Though not quite designed for the city, the SRT4's looks are architectural. Instead of taking the truck-like exterior of the Caliber RT and making it appear sporting, Dodge's design team has embraced what they were stuck with and given the vehicle a unique, rough, look that isn't completely unlikable.
The interior of the SRT4 is still a bit too much like the interior of the stock Caliber to be enjoyed as a sports car, especially with the inclusion of the exceedingly cheap plastics. Nevertheless, the cloth sport seats with the red contrast stitching are reasonably sporty looking and quite supportive. The leather-wrapped steering wheel is comfortable and the SRT4 gauges are easy to read and give some hint that this particular model isn't your grandma's econobox.
The 2.4 Liter DOHC inline-four features a small TD04 turbocharger connected to a relatively large intercooler mounted behind the grille, giving the trained eye a hint of the power lurking underneath. The little turbo spools up quickly and, given enough juice, propels the Caliber nearly as quickly as the Neon SRT4 that proceeded it, despite the addition of nearly 200 pounds.
Anyone who drives around Chicago can attest to the fact that, on most streets, one encounters a real-life example of every Driver's Ed video ever seen. Delivery trucks pull out of alleys you didn't notice, people on bikes zig and zag out of traffic, and pedestrians appear out of nowhere, making the brakes of utmost importance. In this case, the SRT4 was a worthy car for the Second City. The massive 13-inch vented disc brakes up front are shared with the Charger and provide serious stopping power without fail, even on snowy streets.
It feels as though the team behind the SRT4 was asked to set-up handling and ride in a way that would benefit both the more casual driver and the weekend racer. Unfortunately, both consumer types will be disappointed. If you don't plan on utilizing the car's MacPherson strut front suspension for spirited driving, you'll be bummed by the jolts you're going to experience on anything but smooth roads.
Respect should be given to whoever engineered the anti-sway bars, as the SRT4, which feels nearly as tall as it is, manages to keep the driver from feeling as the car is going to tip over when engaged in serious maneuvering. Unfortunately, the same cannot be said for the ESP. I was treated to an impromptu test of the car's electronics when it began to snow and found myself on the wrong side of a snow plow. The traction control light flicked on and off like it was part of a pinball machine. I never felt as though enough power was getting to the ground.
The Gertrag six-speed manual does its part in getting the hatch moving, providing crisp throws the whole way. The only complaint I have about the gearbox is its placement, neither high on the dash like the Civic SI, nor placed conventionally low. Once you get used to it isn't quite so annoying, but it's a drawback for those with long arms.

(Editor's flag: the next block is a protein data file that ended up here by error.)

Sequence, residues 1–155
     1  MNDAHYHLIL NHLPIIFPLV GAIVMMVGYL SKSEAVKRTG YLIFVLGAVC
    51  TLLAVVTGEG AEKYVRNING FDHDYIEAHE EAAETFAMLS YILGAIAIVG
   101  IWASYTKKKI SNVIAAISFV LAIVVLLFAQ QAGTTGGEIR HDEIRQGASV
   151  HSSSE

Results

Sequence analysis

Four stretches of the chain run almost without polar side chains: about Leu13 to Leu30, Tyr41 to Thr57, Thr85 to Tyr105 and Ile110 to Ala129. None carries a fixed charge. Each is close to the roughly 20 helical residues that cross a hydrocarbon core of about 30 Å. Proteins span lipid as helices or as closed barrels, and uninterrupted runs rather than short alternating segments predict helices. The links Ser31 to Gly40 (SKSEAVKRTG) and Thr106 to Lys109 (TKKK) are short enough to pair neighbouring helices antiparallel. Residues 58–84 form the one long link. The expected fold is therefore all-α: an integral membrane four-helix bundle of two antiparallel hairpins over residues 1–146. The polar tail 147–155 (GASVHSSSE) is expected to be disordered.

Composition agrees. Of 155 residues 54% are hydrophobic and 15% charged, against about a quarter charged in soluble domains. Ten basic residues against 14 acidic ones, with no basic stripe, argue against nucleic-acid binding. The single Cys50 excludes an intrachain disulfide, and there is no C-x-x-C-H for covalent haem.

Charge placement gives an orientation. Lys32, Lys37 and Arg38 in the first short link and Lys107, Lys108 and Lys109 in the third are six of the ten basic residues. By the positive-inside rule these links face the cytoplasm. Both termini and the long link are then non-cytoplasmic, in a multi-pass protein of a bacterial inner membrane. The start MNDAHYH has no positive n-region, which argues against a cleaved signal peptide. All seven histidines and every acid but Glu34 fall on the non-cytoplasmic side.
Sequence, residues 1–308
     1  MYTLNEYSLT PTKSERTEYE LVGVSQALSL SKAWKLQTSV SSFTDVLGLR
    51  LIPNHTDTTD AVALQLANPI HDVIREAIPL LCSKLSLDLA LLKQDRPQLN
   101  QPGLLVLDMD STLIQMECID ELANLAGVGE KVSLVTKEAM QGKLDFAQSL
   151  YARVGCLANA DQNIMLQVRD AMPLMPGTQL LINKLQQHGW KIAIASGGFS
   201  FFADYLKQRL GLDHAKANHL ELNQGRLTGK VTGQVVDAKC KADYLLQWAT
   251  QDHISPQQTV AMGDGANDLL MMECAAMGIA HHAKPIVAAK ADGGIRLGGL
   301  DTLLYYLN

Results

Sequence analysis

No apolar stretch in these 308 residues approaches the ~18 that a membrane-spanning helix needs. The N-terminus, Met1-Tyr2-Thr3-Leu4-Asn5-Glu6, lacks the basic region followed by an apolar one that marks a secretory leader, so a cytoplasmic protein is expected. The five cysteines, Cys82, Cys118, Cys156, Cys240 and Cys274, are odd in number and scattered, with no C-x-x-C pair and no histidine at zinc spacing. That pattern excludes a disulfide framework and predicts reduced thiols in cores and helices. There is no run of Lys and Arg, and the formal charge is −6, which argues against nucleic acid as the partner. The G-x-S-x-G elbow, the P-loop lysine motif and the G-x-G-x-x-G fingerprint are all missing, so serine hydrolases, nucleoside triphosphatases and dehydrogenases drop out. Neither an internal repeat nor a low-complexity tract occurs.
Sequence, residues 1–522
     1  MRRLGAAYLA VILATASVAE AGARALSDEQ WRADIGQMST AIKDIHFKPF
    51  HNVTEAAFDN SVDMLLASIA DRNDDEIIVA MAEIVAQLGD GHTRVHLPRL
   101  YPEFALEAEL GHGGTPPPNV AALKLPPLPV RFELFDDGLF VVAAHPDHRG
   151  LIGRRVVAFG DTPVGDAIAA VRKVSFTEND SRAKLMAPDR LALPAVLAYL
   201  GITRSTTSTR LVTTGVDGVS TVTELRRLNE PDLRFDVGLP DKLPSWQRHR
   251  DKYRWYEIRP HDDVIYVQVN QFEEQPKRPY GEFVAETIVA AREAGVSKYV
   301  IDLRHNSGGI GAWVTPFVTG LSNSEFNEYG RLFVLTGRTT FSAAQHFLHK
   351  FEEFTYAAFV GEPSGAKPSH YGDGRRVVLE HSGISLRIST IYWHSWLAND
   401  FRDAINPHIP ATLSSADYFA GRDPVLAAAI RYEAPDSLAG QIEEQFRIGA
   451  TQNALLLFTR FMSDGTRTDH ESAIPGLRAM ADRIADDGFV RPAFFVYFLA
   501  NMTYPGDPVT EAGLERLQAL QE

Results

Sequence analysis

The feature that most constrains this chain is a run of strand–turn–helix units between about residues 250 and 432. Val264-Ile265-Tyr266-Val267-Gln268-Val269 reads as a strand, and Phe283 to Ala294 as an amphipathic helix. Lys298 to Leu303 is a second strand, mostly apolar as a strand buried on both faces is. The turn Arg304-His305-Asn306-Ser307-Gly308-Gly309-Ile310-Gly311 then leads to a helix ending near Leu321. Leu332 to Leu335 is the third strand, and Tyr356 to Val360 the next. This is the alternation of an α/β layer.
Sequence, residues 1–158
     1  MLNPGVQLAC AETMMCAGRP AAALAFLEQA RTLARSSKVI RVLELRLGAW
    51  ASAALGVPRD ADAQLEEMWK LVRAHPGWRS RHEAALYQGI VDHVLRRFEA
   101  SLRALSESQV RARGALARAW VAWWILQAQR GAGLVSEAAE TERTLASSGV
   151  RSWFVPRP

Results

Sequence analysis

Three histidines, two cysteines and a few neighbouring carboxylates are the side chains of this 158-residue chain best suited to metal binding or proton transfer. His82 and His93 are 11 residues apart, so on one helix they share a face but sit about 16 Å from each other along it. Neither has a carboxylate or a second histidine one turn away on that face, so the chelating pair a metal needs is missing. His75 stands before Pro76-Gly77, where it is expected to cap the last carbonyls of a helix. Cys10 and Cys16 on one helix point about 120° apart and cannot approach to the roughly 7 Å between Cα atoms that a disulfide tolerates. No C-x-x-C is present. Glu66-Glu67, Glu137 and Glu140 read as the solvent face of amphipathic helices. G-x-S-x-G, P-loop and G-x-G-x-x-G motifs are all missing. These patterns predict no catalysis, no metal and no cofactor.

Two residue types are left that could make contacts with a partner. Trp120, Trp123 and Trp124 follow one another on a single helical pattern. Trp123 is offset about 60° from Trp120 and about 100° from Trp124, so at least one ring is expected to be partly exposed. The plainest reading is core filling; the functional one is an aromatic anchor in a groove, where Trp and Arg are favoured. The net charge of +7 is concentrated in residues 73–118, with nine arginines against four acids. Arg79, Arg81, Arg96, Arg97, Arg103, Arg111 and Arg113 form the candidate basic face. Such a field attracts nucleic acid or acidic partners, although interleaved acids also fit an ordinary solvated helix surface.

The audio system is routed through the navigational display, which is slightly awkward when flipping through the stations and trying to navigate at the same time. It's not a major flaw, but the new Chrysler system looks much better. Controls for the audio system are set behind the steering wheel, as opposed to integrated into it, which is something I prefer for a sports car. It suddenly takes the joy out of driving if the steering wheel is too cluttered with controls.
Because of the flat tire, I ended up driving two Caliber SRT4's (a pre-production and a production version). The only difference between the two was that the production model featured extra electronics, including the UConnect Hands-Free communications system and navigation. The UConnect system worked well, integrating with my bluetooth-enabled Samsung phone and providing ample sound quality (though the voice recognition, as always, left something to be desired). The nav system, on the other hand, was of the dial-and-enter variety found on other Chrysler products—not the new touch-screen version found on the new 300C. I wasn't a big fan.
The most unique feature on the SRT4, and the one worth the actual money (skip the navigation system if you want to save some scratch) is the performance display. Using a button next to the right reconfigurable display, the driver can switch from showing the temperature to screens that measure acceleration (0-60 mph, 1/8 mile and 1/4 mile) G-force and braking distance. I wouldn't bet my life on these numbers, but it helps when bragging to friends. Why isn't this feature on more cars in this class?
With a price of $22,435 the SRT4 is a decent value, providing a lot of power and a fair amount of space. Nevertheless, there are better cars available at a similar or even lower price. For example, the Mazdaspeed3 comes in at about $200 cheaper and offers a slightly higher level of refinement. If you can do without the extra doors, the VW GTI starts with a base that's $400 less expensive.
The SRT4 never quite achieves what it's going for in terms of style or performance. Look at it straight ahead and there's something bold about the style, but step back and you'll notice the lines that still make it a Caliber. Open it up on the highway and there's enough power to get you smiling, but drive it on less-than-stellar roads and there's enough uncertainty to get you to slow down. I don't see it gaining the same following as the original Neon SRT4.
Part One of the Dodge Caliber SRT4 review appeared yesterday, Part Three will appear tomorrow.